John Scanlon 2017-08-17 05:30:19
COWTOWN RODEO Singer Willie Nelson once urged mamas not to let their babies grow up to be cowboys, but Howard Grant Harris just about came out of the chute on a bucking bronco when he was born 63 years ago, and he’s been doing fine ever since. Hard to believe the Cowtown Rodeo is in its 63rd season. Harris is the king of Cowtown, just like his father before him, and his grandfather before him - - a lineage that has kept the beloved rodeo moseying along as a weathered showplace of cowboy showmanship amid the wide-open pastures of Pilesgrove in rural Salem County. “It’s the cowboy culture, the icon of the American cowboy that I think is ingrained in most Americans to some degree,” Harris says, pondering Cowtown’s staying power as a crowdpleaser. “The rodeo also is wonderful family entertainment. It has thrills, chills and spills for all ages.” Cowtown is an institution in these parts, as durable as a pair of dusty, broken-in boots. Fans routinely pack the 4,000-seat rodeo arena on Saturday nights from late May to late September. Thousands more browse for year-round bargains at the Cowtown Farmers Market, a fleamart paradise of 300 vendors that has operated since 1926. Harris is easy and breezy, a rodeo entrepreneur whose 1954 birth occurred just before his family debuted Cowtown Rodeo as a professional venue of competitive bull riding, steer wrestling and cattle roping. As Cowtown’s owner, he has sat tall in the saddle for nearly 40 years. Longer than his grandfather Howard “Stoney” Harris, who, for almost a decade starting in 1929, staged a yearly rodeo in Woodstown as a feature of the Salem County Fair. Longer than his father Howard, Stoney’s son, who bought the Cowtown Rodeo and farmers market in 1961, as well as the family’s 1,200- acre livestock farm, and sold it to his son and wife Betsy in 1978. Its ongoing vitality is a testament to Howard Grant Harris’ own stewardship of the family business. But Harris, himself a competitor on the national rodeo circuit for a decade, starting at 14, is modest about his contributions to Cowtown’s legacy. Don’t mess it up. That seems to have been his philosophy all these years. “I worked for my father and my grandfather in this business,” he says. “There were a lot of things they were good at, some things they weren’t so good at. I saw mistakes being made. I’m 63 now, and if I’ve tried to do one thing, it’s not to repeat mistakes. Actually, what I enjoy most is managing the livestock here. My grandfather was a born showman. My father was a born cowboy. They taught me this business.” Rodeos started to thrive in this country’s western states after the Civil War. Mythic figures like Buffalo Bill Cody and Annie Oakley became stars on the rodeo circuit. A century later, in the early 1980s, the country’s rodeos enjoyed explosive growth propelled by broader media coverage and, according to the Professional Rodeo Cowboys Association, an infusion of young competitors, many of them from urban areas, with college degrees, lured by the athleticism of rodeo events. PRCA, an industry group that promotes rodeos, public education and animal welfare, sanctions about 600 rodeos in 38 states -- including Cowtown Rodeo -- and in four Canadian provinces. It’s logical to presume that a rodeo appeals to hootin’ macho men. But PRCA, in a demographic study of 5.4 million fans who attend rodeo events across the country each year, estimates that 51 percent are women. This doesn’t surprise Harris. “Not at all. In our culture, the wife of the house and the mother of the children dictate the use of spare time more than the husband and father, in most cases,” he says. “I’m surprised it’s not more than 51 percent. The rodeo has always been good family entertainment. I think that faith, country and family are high priorities in our tradition.” Cowtown humorously plugs its rodeo as “The Best Show On Dirt.” Though its core fans live in the Delaware Valley region, Cowtown ropes in spectators from North Jersey to Baltimore, a fan base lured by the Old West ambience and smells, by the equestrian skills and the bullish strength of Saturday-night cowpokes competing for prize money. “I’d say that most people are cheering more for the animal than the performer. We all tend to want to root for the underdog,” Harris says with a chuckle. Harris was a buckaroo on the rise when he came home from Casper College in Wyoming in the mid-1970s and resumed a budding rodeo career. Saddle-bronc riding was his specialty; he’d claimed a string of championships. Eight seconds on a horse or a bull, he says, could earn him competition money that took him months to earn while working on the family livestock farm. “My first year out of high school, I guess it was 1972, I earned $18,000 in rodeo competitions -- a nice sum in those days,” he says. His life, however, changed in 1978. Just 24. And his father delivered news that hit Harris like ... Well, like a bronco kick to the gut. He wanted to sell Cowtown and the farm. And a commercial developer wanted to buy it. “I begged my dad to keep going with it, but he had other things he wanted to do,” Harris says. “He wanted to sell the rodeo; it would have been sold regardless. He and mom had a sweet offer for our land. The deal turned sour for a lot of reasons, most of them on the side of the developer.” Harris didn’t wait for his dad to get another offer. He and Betsy made their own -- “I’ll just say it was a very daunting figure for a 24-year-old,” Harris says -- and his father took it and agreed to hold the mortgage note. Years later, Harris remembers his initial regret of walking away from rodeo competition while still at the top of his game. He may have had six, seven good years left in him. Rodeo guys, he says, “lose a step or two” once they pass 30. Some still do it in their 40s; most of them don’t. “You’re young and bulletproof. You don’t stay down for long,” says Harris, who had a litany of bone fractures during his career. “For me, the unsuccessful rides did not trump the successful rides. But this is a young man’s game. It is very, very physical. You know when it’s time.” You don’t have to tell Harris that nearly 40 years of running Cowtown Rodeo is a lot of cowboy sunsets. He and Betsy, a key business partner, aren’t ready to ride off together just yet, but the time is near, and they’re working on a succession plan with daughters Courtney and Katy and the rodeo men they’re married to. “You work until you can’t. But Betsy and I know it’s time,” Harris says. “I’ve seen so many of my neighbors, farmers mostly, who held on too long and didn’t give the young ones a chance to take over. We don’t want to do that.” (For information on Cowtown events, visit www.cowtownrodeo.com or call 856-769-3200.)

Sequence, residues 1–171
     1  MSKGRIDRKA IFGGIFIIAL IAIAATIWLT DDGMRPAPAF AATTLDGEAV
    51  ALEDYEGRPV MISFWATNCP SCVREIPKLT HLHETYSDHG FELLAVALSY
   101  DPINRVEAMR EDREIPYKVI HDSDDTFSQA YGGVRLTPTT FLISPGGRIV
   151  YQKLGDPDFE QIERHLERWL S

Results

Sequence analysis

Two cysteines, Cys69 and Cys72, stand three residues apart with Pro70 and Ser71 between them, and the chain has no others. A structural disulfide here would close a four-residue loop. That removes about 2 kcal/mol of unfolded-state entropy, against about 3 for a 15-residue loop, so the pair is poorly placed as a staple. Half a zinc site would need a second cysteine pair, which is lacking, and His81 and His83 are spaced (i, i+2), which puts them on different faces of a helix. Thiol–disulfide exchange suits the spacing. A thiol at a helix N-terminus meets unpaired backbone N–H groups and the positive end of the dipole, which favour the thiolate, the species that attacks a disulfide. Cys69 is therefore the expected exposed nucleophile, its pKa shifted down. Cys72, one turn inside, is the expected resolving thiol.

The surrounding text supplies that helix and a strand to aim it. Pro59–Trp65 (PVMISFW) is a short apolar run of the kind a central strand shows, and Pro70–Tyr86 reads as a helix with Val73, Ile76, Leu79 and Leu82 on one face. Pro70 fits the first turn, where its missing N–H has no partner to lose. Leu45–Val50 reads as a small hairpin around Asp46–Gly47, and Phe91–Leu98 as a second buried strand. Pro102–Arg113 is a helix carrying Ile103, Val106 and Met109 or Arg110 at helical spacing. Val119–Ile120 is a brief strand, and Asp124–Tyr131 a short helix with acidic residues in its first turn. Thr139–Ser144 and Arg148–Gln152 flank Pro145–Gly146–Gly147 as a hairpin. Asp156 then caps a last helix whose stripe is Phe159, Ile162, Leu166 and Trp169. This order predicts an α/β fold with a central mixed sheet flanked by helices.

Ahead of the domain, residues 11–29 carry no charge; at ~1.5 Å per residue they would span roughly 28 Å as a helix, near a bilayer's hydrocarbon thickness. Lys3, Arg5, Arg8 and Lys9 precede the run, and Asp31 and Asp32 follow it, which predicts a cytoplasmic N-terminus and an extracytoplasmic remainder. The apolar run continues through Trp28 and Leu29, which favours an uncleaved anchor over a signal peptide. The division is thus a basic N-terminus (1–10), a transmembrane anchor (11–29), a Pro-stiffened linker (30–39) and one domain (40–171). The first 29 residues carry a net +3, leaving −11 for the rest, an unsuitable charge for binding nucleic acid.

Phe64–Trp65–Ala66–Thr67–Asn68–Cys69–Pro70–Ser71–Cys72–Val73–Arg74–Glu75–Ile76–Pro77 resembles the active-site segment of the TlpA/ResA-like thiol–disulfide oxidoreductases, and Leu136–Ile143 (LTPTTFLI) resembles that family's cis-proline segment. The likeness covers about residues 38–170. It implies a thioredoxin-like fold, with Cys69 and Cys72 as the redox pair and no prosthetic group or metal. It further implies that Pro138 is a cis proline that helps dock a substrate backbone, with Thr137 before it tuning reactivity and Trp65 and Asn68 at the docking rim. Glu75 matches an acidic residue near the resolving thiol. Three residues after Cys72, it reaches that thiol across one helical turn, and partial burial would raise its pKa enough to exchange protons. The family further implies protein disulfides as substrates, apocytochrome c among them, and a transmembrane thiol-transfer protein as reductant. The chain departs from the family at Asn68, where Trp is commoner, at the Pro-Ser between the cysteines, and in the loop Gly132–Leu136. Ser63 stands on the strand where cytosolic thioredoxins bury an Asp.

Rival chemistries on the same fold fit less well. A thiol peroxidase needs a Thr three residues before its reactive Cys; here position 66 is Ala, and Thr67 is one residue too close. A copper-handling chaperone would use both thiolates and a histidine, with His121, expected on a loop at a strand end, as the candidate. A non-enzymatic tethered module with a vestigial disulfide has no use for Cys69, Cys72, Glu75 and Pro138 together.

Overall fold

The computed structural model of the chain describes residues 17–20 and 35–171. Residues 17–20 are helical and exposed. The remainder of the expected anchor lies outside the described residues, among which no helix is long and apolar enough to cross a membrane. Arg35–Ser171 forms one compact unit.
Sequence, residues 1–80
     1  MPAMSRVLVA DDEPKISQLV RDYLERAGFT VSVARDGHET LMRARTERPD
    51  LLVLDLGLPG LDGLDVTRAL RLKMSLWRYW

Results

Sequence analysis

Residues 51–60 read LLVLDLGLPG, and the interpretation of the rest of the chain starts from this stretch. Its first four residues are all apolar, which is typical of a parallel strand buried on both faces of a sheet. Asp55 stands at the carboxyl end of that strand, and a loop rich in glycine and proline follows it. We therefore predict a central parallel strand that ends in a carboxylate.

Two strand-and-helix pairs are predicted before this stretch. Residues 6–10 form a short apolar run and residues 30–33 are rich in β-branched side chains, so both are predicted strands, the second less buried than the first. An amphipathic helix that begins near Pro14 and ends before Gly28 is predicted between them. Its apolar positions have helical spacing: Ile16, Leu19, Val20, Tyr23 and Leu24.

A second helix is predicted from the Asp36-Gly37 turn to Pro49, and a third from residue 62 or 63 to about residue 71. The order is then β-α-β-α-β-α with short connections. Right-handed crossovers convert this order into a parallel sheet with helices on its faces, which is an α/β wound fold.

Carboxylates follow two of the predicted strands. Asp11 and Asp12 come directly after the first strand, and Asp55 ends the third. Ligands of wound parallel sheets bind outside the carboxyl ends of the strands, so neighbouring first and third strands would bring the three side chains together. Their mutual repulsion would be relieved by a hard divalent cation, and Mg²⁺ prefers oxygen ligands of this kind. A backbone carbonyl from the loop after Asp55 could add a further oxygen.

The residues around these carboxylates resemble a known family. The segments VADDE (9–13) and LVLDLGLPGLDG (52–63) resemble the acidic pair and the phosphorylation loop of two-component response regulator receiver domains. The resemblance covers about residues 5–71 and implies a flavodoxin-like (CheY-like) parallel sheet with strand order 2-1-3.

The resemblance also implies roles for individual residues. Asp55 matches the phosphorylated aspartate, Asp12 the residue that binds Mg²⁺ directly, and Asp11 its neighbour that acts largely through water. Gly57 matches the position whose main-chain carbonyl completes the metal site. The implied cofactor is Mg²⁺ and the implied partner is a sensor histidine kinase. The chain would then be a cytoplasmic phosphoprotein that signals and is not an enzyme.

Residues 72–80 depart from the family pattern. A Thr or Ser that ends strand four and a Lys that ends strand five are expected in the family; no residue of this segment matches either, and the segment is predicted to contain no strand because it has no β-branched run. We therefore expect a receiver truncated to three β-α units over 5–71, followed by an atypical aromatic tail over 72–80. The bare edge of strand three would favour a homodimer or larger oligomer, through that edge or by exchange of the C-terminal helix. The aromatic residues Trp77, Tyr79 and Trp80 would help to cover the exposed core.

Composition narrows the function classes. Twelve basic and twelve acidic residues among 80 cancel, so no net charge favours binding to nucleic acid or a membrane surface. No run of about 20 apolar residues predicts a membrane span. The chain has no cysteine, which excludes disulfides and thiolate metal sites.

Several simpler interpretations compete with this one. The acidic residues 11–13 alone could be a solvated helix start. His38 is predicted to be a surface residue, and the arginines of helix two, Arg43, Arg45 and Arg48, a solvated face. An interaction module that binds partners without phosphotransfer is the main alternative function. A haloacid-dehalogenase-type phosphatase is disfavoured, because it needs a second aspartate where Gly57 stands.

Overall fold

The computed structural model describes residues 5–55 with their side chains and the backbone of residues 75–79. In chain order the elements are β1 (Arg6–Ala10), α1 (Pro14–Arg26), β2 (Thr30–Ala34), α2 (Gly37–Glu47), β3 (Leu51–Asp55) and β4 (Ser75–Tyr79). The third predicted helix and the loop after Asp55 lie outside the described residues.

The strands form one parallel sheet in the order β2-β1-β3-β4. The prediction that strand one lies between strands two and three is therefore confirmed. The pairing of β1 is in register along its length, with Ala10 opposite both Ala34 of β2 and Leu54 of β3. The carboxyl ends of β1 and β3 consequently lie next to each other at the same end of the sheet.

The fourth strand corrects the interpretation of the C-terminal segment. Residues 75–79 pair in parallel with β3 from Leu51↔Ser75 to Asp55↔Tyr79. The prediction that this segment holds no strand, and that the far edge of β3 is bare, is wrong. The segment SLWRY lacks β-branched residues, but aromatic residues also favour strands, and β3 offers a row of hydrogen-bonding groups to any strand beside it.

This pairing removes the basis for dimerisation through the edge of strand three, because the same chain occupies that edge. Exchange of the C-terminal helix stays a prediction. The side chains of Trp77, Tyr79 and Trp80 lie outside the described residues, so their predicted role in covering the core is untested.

Published by AAA South Jersey. View All Articles.
This page can be found at http://www.evergreeneditions.com/article/Cowboys+In+Salem+County/2857309/432195/article.html.